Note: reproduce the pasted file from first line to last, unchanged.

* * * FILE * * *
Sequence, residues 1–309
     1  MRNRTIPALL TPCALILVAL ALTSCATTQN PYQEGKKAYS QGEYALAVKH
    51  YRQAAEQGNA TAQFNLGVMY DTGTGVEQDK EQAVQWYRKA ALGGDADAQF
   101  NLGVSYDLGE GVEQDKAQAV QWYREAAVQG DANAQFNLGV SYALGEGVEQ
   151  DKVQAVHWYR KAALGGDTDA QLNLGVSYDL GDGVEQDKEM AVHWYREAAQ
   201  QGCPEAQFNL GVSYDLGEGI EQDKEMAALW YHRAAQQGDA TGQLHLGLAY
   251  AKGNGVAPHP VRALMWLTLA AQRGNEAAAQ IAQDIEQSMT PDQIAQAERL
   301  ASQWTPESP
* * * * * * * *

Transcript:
Sequence, residues 1–309
     1  MRNRTIPALL TPCALILVAL ALTSCATTQN PYQEGKKAYS QGEYALAVKH
    51  YRQAAEQGNA TAQFNLGVMY DTGTGVEQDK EQAVQWYRKA ALGGDADAQF
   101  NLGVSYDLGE GVEQDKAQAV QWYREAAVQG DANAQFNLGV SYALGEGVEQ
   151  DKVQAVHWYR KAALGGDTDA QLNLGVSYDL GDGVEQDKEM AVHWYREAAQ
   201  QGCPEAQFNL GVSYDLGEGI EQDKEMAALW YHRAAQQGDA TGQLHLGLAY
   251  AKGNGVAPHP VRALMWLTLA AQRGNEAAAQ IAQDIEQSMT PDQIAQAERL
   301  ASQWTPESP